The very best alternative to creating an illusion is to simply present reality. And in the case of jet photography, that is to be right next to the pilots up in the sky where all the action is taking place. The most likely scenario for most of us, however, and the second best option is (having to) to simply stay on the ground and hoping for a bit of luck (which you can’t control), and some good preparations (which you can control).
Bringing the right camera gear can increase your luck. While we’re in the middle of a camera technology shift; i.e. from DSLR to mirrorless, regardless of your selected camera it’s good to consider the following three camera features before you enter the scene: sensor size, frame rate, and buffer size.
I recently sold my Nikon D500. It is still a great DSLR: it has a buffer size of 200 images (RAW) and shoots at almost 11 fps. And it has autofocus points all over the viewfinder. But it also has an APS-C sensor; i.e. a 1.5 crop sensor (in Nikon language: ‘DX’) with ‘only’ 21 megapixels. For jet photography I noticed that the jet should be positioned pretty well inside the frame of the D500 as you can’t do too much cropping anymore afterwards due to the limited number of pixels to play with. Also, the pixels are smaller in crop sensors vs. full frame sensors. Smaller pixels contribute to more noise compared to the larger ones in full frame sensors, in general.
Nikon 600mm f/4E FL on Nikon D850, f/5.6, 1/1600 s., ISO 125, AF-Area Mode: 3D-tracking
While the D500 has 21 MP, the D850 has almost 46 MP which allows for much more flexibility when it comes to cropping, or better said, the need to crop (cropping purists will argue against any cropping but that’s a different story…). In the case of the shot below, the F-35 occupied about 25% off the frame, so I ended up cropping over 65%. If I had taken this shot with the D500 I would have run out of pixels. On the other hand, given the D500’s larger buffer size and higher frame rate, I might have had more luck in catching a shot with ‘more jet in the viewfinder’…
But there was another piece of the puzzle that made me select this particular image. While I was cropping the image – not having to worry too much about insufficient pixels – I noticed something ‘pleasant’ around the shape of the jet relative to the borders of the cropped image. Here is where the ‘luck’ factor comes in: the jet is angled in such a way that if you place a ‘golden spiral’ on the pilot you’ll find that the line follows the image frame and touches the wing tips quite nicely, exiting the image again on the bottom left.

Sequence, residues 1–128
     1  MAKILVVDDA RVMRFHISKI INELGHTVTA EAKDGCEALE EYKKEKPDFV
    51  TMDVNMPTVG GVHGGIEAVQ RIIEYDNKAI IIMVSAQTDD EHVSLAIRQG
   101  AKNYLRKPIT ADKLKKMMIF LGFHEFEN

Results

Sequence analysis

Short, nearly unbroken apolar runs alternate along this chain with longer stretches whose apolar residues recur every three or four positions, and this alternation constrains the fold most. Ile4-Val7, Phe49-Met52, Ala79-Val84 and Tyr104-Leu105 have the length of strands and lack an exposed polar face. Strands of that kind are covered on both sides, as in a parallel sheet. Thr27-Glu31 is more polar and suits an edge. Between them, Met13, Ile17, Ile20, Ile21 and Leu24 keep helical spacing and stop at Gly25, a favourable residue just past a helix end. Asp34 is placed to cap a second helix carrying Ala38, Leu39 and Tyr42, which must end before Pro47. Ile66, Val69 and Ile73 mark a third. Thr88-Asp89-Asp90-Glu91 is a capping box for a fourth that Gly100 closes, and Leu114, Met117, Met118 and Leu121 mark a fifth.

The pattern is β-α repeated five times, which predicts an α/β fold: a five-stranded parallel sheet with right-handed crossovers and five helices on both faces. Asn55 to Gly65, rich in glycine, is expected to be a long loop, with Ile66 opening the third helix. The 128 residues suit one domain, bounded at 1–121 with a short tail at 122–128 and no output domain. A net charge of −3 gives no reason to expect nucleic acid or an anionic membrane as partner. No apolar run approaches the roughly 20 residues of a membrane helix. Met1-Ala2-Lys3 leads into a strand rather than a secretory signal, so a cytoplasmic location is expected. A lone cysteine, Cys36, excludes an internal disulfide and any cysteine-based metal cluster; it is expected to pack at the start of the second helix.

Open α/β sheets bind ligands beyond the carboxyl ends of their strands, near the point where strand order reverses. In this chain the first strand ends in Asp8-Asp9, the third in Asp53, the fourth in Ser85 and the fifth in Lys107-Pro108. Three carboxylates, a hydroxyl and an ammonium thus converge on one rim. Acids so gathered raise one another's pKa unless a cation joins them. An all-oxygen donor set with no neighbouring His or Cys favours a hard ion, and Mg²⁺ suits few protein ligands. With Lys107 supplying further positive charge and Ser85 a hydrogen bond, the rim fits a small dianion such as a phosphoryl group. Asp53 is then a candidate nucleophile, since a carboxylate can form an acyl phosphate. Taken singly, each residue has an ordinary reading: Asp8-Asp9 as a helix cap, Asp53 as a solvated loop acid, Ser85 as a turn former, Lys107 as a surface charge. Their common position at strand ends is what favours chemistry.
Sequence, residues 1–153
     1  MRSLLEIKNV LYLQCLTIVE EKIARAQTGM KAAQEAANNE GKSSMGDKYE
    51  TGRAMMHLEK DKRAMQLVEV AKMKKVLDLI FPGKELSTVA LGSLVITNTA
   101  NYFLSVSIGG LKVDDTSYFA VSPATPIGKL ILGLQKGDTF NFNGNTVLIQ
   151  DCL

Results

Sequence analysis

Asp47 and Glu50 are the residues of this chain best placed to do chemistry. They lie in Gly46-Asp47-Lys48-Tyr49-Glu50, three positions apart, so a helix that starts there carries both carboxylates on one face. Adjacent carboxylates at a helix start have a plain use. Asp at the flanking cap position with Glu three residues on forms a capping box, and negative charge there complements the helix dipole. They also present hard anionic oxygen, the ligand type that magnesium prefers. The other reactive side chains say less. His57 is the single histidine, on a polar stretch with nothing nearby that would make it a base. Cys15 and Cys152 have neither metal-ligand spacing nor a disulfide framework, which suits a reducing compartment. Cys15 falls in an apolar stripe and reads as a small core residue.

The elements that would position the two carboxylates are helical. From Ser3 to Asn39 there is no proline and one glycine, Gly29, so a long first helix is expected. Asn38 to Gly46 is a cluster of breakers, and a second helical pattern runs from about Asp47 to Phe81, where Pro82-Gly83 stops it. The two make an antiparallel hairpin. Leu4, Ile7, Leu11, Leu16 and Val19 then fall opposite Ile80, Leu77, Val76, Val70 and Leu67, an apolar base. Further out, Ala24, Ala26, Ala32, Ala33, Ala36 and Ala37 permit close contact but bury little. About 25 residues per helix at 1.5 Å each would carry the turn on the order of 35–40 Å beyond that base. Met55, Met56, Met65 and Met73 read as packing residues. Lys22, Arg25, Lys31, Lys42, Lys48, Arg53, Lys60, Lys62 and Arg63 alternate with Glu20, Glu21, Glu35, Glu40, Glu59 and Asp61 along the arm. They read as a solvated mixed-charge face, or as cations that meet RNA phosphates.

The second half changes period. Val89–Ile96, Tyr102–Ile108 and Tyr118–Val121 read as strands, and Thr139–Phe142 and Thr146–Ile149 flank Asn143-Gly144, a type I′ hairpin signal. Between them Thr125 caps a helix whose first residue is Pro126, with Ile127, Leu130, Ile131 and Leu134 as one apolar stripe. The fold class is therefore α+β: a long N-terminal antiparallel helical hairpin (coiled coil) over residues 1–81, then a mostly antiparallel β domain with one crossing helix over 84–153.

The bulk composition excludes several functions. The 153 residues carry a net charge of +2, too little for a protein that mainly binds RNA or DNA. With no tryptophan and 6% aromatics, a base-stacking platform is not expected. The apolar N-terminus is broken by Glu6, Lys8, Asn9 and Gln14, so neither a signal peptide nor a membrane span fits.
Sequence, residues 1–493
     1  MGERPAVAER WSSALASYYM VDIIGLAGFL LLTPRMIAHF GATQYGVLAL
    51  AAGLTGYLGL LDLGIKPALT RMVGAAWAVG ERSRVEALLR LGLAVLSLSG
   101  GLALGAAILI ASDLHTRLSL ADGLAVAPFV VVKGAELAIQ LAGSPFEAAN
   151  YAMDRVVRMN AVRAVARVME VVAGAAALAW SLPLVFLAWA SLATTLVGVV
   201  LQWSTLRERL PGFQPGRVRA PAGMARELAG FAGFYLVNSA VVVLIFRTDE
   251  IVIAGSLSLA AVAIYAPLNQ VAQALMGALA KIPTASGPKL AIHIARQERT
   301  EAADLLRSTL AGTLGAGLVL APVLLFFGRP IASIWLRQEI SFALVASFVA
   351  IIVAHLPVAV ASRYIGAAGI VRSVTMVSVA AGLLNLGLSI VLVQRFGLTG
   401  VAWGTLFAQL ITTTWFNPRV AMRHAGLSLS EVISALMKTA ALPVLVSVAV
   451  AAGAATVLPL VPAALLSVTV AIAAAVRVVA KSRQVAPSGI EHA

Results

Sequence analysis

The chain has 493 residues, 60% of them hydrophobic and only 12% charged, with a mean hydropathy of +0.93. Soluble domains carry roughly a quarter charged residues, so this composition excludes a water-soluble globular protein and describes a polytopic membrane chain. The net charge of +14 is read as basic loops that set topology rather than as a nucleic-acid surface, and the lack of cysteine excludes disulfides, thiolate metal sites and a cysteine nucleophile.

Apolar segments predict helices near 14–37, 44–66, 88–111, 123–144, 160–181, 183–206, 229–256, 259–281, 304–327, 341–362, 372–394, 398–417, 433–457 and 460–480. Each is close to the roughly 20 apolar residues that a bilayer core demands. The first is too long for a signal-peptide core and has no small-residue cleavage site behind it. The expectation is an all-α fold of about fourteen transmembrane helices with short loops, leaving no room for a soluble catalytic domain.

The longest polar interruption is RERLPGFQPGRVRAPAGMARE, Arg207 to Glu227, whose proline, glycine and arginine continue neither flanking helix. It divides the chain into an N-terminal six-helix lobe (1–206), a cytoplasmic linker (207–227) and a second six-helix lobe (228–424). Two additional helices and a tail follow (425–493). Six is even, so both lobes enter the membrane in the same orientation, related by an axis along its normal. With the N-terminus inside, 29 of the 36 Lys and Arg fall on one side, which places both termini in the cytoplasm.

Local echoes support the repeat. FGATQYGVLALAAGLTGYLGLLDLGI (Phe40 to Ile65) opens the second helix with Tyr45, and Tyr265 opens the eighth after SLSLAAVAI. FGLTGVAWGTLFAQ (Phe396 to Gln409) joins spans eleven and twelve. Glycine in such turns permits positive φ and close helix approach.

Nikon 600mm f/4E FL on Nikon D850, f/5.6, 1/1600 s., ISO 110, AF-Area Mode: 3D-tracking
Let me try to summarize this series on jet photography… it’s fun! Much more than I had expected in fact.
You do need to think a little on the type of images you try to capture with or without the goal to create some sort of ‘illusion’ that you were positioned close to the jet when you took the shot. It certainly helps if you bring the right gear to the scene (and do check out the weather forecast and wind direction!) but perhaps most importantly, it’s the pilot who (perhaps unwillingly) decides if you’re going to be lucky or not (for example if it’s his last working day and he decided to go for a vertical go-around to say goodbye :).
It’s also helpful to follow social media accounts of the pilots, air force bases (for example when exercises are announced) and off course those of fellow photographers so you can check for latest updates on interesting shooting opportunities.